The Cavaliers come out winners in this deal in the short-term. They are still the best team in the Eastern Conference by making this move and will represent the Eastern Conference in the NBA Finals next year. While Isaiah Thomas is the worst defensive player in the league and there are lingering concerns regarding his hip injury he suffered in the Eastern Conference Finals, he is another offensive option for the Cavaliers who can get his own shot. They’ve essentially traded a ball dominant point guard for another ball dominant point guard, so not much changes for the Cavaliers offensively. The addition of Jae Crowder bolsters the Cavaliers’ defense as well, as he can guard a team’s best offensive player night in and night out. Crowder also shot nearly 40% from behind the three-point line last year, adding yet another sharp shooter to their three-point shooting heavy offense.
Regardless of whether or not the Cavaliers win the title next year, they know LeBron James is as good as gone. There’s only so much LeBron James can do to help this dysfunctional franchise, and the Cavaliers added an insurance policy for when LeBron James bolts for another team by acquiring Brooklyn’s 1st round pick. The Nets are sure to be one of the worst teams in the NBA this year, and the Cavaliers have effectively managed to mitigate the damage that will be done when LeBron James leaves, as they are sure to have a high draft pick in next year’s draft and can start rebuilding.
One thing I cannot wrap my mind around, however, is why Kyrie Irving requested a trade. Even though the Celtics are an ideal situation due to the fact they are contenders, Irving has thrown away a guaranteed trip to the NBA Finals by jettisoning away from LeBron James. Over the last seven seasons, any team LeBron James has played for has made it to the NBA Finals. He’s managed to win three titles during that span. Irving was also a more efficient player upon James’ arrival back to Cleveland, and was the man who made the game winning shot for the Cavaliers in Game 7 of 2016 NBA Finals because LeBron James, the best player in the world and ever, deferred to him. Why would anyone abandon a situation in which you are the second best player on the team only because you are playing beside the best player in the league and the best basketball player ever, yet still treated as a superstar/ “the man?”
While there will inevitably be a Shaq/ Kobe situation in which Irving will say he regrets leaving LeBron James and the way in which their time together ended, for now the NBA’s Eastern Conference has been made somewhat dramatic. While the season opener between these teams on October 17th will be sensationalized in an effort to make the upcoming NBA season seem less predictable, the Cavaliers are still the class of the Eastern Conference. Every fan also knows, however, everyone is playing for second place, as the Golden State Warriors are the overwhelming favorites to be champions for the third time in four years.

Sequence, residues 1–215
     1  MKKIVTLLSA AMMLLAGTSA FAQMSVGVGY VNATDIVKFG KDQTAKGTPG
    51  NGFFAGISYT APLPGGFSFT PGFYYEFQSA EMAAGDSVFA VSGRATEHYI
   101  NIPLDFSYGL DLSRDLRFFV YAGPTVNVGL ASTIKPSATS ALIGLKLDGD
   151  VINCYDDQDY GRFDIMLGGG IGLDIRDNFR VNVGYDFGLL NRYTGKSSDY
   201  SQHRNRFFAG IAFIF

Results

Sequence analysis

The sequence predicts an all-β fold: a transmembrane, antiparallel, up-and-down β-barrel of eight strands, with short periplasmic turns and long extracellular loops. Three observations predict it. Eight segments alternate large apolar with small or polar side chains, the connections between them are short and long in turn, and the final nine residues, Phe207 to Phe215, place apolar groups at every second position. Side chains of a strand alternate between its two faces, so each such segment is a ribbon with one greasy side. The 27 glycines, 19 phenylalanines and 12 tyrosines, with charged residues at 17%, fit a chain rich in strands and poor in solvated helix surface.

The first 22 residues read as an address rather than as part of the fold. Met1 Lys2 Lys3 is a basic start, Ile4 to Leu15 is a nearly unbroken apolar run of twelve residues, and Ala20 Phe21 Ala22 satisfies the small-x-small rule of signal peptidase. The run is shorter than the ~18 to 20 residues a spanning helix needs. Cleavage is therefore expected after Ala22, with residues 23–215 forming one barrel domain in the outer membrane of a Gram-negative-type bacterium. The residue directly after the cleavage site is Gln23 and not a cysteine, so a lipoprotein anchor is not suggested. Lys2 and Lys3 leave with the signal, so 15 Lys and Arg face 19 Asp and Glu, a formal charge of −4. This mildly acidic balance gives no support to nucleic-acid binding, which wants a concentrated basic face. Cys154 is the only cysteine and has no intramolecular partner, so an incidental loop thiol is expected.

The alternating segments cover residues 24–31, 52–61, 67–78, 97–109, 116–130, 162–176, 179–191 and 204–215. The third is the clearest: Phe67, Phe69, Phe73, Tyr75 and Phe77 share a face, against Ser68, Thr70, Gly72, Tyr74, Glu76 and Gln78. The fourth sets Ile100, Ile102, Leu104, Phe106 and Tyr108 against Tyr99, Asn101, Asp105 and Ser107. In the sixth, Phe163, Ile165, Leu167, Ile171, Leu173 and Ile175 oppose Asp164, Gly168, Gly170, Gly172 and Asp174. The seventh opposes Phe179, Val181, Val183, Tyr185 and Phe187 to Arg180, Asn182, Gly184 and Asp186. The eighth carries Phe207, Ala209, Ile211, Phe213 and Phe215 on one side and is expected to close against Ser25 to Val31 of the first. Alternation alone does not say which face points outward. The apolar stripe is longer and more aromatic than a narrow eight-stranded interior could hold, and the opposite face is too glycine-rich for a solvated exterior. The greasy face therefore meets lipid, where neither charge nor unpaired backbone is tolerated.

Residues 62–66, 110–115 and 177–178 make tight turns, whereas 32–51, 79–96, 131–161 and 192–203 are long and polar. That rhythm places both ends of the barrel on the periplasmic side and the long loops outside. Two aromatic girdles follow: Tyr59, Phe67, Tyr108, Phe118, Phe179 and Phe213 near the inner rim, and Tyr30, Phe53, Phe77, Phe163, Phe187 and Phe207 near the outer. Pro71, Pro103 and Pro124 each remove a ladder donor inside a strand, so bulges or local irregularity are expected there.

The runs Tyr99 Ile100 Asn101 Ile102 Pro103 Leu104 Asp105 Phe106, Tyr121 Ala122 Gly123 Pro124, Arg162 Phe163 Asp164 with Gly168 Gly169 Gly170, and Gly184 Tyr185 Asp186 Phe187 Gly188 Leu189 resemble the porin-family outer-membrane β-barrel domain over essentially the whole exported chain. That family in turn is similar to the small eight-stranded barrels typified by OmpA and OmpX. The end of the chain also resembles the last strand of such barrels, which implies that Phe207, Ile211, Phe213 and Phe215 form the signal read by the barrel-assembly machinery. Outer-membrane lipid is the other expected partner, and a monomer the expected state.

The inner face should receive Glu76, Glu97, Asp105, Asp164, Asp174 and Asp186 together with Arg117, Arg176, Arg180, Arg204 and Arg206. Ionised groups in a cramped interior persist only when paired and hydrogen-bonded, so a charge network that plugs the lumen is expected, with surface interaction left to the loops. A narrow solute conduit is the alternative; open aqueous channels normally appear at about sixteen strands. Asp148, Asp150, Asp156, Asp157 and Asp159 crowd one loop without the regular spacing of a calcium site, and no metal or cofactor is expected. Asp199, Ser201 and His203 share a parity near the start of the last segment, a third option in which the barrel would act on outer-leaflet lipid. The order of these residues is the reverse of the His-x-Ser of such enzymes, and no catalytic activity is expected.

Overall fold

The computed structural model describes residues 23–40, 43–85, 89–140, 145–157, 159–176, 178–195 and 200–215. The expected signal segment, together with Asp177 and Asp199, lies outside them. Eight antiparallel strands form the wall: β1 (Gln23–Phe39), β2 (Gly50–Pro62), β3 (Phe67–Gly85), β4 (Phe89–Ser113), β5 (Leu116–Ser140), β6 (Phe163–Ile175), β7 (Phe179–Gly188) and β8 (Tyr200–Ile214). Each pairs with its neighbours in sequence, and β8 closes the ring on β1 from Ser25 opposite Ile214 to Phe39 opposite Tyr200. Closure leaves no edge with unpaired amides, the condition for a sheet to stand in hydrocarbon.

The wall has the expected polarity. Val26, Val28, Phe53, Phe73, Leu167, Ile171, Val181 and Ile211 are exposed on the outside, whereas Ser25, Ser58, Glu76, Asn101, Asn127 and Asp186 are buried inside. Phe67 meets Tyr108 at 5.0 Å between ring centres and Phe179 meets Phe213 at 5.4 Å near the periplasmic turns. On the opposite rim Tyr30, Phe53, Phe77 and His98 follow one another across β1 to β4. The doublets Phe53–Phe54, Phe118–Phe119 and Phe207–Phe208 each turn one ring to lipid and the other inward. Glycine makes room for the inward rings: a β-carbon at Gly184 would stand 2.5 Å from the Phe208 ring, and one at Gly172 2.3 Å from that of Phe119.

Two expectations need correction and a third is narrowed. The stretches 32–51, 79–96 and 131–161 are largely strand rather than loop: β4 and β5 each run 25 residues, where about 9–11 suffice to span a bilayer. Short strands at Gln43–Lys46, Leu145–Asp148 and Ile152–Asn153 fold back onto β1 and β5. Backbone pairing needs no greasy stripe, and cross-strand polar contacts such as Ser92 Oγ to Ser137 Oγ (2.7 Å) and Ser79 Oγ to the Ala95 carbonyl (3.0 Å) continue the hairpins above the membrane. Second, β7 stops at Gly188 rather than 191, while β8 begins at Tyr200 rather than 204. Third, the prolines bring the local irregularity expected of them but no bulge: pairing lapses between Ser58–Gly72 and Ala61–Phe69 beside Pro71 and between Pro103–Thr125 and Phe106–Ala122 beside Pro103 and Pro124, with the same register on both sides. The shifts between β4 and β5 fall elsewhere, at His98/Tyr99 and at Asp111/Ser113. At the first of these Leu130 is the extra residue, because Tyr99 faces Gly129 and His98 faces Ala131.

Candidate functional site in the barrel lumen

One could argue the off-season was more unpredictable than the season itself.
This past NBA off-season was as unpredictable as ever. However, not everyone emerged a winner from this wild wild west of an off-season. With an off-season that was seemingly more exciting than the actual season itself, here are the winners and losers of the 2017 NBA off-season.
Winner: Gordon Hayward
Hayward was the biggest free-agent of the off-season, and he cashed in big time by signing a 4-year, $128 million contract with the Boston Celtics. Hayward reunites with his college coach, Brad Stevens, in a move that puts him in a better position to win than he would’ve been in had he signed with the Miami Heat or re-signed with the Utah Jazz.
Loser: Boston Celtics/ Danny Ainge
Boston may have scored the top free agent of the off-season, but they gave up a lot to get him. G Avery Bradley was traded to the Detroit Pistons, and C Kelly Olynyk signed with the Miami Heat. General Manager Danny Ainge also continued to show he is paralyzed by fear, as he passed up trading for forwards Jimmy Butler and Paul George. On top of that, he traded the number 1 pick in the draft in an effort to draft Kansas F Josh Jackson, but was given the cold shoulder by him and ended up taking Duke F Jayson Tatum instead. They’re no closer to beating LeBron James/ the Cavaliers, and they seem to get cold feet as it pertains to trying to win now.
Winner: Minnesota Timberwolves
Losing Zach LaVine and Kris Dunn wasn’t ideal, but gaining forward Jimmy Butler in the process makes it all seem worthwhile. With a young core consisting of center Karl-Anthony Towns, Andrew Wiggins, and Jimmy Butler, the Timberwolves seem primed for a quick rise to the top of the Western Conference not only next year, but also remain there for the foreseeable future.